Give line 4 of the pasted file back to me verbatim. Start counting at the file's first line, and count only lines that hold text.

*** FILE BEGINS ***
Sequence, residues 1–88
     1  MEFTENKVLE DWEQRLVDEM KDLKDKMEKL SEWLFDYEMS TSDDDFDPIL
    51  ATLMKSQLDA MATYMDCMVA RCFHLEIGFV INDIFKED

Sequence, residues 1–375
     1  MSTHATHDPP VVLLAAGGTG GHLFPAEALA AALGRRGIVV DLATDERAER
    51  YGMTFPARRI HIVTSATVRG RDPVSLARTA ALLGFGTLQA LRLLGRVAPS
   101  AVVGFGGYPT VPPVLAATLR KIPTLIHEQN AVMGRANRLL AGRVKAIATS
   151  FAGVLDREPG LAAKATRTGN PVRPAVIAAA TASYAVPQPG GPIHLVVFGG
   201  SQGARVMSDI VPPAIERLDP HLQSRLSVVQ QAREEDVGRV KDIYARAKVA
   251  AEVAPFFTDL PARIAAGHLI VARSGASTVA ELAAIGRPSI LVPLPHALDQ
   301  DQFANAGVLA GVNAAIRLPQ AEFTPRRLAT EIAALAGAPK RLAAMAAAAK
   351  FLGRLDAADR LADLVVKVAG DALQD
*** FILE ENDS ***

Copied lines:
Sequence, residues 1–375